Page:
Liv Sandberg, Extension Equine Specialist
Department of Animal Science
UW-Madison College of Agricultural and Life Sciences
(608) 263-4303, (608) 263-4300
Introduction to state 4-H equine projects
3:08 – Total Time
0:18 – Activities in the 4-H horse program
0:52 – The value of the horse project
1:16 – Examples of 4-H horse activities
1:47 – Learning skills
2:16 – Involvement in the horse program
2:23 – Showcasing equine skills at county fairs
2:58 – Lead out
Sevie Kenyon: Liv, welcome to our microphone! Start out by telling us a little bit about the state 4-H Horse program.
Liv Sandberg: Some activities we have at state are horse evaluation contests, we also have a horse bowl contest, a hippology contest and then we also have several different activities that are in conjunction with our riding activity held in September and those may be things like a poster contest a clothes horse contest…they actually have a model horse contest, so there are several different activities that are available to the students, even if they don’t have a horse.
Sevie Kenyon: And Liv, why should youth and their parents be interested at all in this program
Liv Sandberg: This is an opportunity for them to get involved, not only in learning about the horse itself, but learning some other skills that may be as far as studying or just interacting with other youth, so it may be a great way to meet a few new kids and have something in common to share with each other.
Sevie Kenyon: Liv, can you tell us about some of the activities, for example…what is hippology?
Liv Sandberg: Hipology’s actually known as the study of horse. The students in hippology will do sections and then at the state level we also include a judging aspect into that, so what we’re trying to select out is an individual or a team that has a, a vast knowledge of all three of those aspects put together.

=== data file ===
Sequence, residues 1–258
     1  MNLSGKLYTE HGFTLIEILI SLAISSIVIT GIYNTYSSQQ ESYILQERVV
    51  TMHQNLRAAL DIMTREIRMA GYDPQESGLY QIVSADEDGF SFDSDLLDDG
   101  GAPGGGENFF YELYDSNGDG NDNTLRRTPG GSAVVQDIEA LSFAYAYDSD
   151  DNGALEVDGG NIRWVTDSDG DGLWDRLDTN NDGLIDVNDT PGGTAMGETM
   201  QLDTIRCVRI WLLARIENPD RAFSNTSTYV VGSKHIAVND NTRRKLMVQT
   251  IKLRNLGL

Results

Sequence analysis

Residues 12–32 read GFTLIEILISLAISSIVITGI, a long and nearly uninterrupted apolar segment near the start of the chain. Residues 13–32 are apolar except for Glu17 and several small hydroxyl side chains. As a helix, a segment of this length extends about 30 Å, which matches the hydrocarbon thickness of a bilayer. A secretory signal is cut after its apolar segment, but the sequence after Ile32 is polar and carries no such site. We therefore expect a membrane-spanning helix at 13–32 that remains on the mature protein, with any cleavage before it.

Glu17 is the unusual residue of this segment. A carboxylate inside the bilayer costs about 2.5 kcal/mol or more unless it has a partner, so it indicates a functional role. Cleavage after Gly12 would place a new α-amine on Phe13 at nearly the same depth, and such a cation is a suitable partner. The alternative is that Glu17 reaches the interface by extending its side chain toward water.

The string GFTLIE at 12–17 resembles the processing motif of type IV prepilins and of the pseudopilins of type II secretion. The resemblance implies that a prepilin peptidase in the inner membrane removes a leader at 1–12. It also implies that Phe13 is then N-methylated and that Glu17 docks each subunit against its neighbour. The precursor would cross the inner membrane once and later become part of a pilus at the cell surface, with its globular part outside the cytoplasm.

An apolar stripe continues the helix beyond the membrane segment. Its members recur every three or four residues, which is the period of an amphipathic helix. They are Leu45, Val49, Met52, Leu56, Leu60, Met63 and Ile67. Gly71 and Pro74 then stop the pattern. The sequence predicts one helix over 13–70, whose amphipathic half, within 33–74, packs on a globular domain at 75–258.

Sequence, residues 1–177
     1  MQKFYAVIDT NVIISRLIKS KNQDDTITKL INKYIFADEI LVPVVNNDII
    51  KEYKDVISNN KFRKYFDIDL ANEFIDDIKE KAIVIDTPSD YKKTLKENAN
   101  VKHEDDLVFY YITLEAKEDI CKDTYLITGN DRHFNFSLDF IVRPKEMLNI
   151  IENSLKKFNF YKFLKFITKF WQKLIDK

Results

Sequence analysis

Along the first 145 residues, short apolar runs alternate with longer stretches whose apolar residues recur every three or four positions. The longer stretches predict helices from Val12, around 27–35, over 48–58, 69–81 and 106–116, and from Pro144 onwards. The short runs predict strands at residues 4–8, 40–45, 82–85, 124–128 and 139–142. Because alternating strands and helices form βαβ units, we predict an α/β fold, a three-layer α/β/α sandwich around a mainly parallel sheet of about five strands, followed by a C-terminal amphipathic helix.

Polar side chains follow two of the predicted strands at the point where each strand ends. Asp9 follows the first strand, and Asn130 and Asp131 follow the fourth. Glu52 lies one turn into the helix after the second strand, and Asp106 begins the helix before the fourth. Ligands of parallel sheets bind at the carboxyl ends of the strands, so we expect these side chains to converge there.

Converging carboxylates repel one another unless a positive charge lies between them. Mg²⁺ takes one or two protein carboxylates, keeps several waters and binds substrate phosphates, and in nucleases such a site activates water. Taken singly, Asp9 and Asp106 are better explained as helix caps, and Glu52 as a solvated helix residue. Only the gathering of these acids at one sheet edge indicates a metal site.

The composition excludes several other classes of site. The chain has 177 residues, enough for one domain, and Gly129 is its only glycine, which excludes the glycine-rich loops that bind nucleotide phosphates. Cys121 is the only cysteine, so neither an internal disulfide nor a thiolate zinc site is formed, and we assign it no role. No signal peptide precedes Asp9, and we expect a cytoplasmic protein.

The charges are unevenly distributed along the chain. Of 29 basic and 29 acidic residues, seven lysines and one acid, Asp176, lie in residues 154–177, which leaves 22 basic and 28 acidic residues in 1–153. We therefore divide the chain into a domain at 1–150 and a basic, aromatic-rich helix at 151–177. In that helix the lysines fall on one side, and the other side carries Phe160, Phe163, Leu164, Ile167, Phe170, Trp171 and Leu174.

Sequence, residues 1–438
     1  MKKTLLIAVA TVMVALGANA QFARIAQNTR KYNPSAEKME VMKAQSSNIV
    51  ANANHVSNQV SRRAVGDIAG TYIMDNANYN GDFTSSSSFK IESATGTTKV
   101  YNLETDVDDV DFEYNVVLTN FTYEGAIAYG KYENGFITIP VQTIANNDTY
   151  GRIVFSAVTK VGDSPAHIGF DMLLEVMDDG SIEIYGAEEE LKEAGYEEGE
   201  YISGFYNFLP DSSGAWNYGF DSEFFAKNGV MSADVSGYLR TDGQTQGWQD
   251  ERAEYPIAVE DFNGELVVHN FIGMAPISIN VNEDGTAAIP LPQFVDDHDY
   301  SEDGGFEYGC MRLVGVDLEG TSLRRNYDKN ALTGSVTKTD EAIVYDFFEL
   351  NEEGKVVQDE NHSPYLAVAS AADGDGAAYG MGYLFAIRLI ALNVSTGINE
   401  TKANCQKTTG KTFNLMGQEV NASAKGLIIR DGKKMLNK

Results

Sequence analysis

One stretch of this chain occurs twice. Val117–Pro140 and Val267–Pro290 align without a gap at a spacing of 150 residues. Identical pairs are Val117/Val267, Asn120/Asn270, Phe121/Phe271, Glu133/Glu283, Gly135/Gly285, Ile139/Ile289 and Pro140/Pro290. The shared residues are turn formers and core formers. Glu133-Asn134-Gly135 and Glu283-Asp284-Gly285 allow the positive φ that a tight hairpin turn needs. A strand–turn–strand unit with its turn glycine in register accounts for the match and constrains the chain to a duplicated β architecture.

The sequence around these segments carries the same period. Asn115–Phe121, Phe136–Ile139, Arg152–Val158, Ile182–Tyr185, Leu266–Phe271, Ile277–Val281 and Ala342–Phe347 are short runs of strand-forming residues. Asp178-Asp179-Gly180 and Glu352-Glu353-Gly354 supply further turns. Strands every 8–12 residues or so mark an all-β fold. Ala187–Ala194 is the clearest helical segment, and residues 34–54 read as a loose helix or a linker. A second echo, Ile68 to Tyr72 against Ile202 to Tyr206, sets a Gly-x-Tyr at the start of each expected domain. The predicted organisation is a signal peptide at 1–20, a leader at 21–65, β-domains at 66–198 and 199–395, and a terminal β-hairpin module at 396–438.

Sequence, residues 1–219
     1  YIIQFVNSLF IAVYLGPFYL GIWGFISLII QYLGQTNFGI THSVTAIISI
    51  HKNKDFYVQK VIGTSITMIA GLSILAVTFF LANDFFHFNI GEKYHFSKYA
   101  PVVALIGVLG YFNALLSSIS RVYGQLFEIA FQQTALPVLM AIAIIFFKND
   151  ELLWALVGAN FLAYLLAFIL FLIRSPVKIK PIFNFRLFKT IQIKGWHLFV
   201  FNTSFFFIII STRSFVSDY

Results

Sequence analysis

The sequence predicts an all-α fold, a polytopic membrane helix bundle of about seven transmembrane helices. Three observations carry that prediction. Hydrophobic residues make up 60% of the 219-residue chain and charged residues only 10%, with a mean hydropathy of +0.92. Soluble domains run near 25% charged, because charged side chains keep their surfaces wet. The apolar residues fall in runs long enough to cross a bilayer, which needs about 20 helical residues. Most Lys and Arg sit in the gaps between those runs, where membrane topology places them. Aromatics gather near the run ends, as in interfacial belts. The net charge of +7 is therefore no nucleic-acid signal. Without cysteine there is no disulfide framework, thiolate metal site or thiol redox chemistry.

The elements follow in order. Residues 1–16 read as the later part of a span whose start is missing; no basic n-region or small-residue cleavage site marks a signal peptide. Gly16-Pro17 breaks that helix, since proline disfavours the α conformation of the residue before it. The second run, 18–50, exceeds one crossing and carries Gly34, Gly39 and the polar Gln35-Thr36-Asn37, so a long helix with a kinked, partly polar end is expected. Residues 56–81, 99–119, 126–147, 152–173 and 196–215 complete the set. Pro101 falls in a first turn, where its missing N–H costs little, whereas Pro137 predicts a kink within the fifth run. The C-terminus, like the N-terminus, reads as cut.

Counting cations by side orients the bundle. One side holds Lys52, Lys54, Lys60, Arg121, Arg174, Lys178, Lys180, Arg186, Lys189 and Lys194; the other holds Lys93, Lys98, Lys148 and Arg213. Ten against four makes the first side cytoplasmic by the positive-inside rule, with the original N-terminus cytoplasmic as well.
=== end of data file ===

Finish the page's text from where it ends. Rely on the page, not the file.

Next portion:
Sevie Kenyon: And Liv, in the process of this, how do they go about learning the skills?
Liv Sandberg: They can actually just go to a barn and somebody may help them learn more about confirmation of the horse, they can study out of the different resource books that we have and often times if students don’t own a horse, this is a great way for them to get involved and it’s amazing how much they can learn in a couple three years by just studying and, and when they get that opportunity to actually apply it to a horse they already know half of it.
Sevie Kenyon: And Liv, statewide, how many people are involved in the equine project and how has that changed over time?
Liv Sandberg: We have continued to grow in numbers in the last few years I would say we are close to stabling off…we do have more 4-H horse kids, in our project I think… then dairy, and some of the other livestock projects put together.
Sevie Kenyon: What do we have coming up ahead of us this summer?
Liv Sandberg: You know our county fairs are going to start up with their different activities, and this is really a great place for 4-H kids to showcase what they’ve learned with their project… whether it’s a hands-on project with riding and showing or maybe it’s a project where they’ve done a poster or photography or something like that, the county fair’s a great place for them to start…see how they’ve done as far as either their project skills or just to get excited about going to the fair.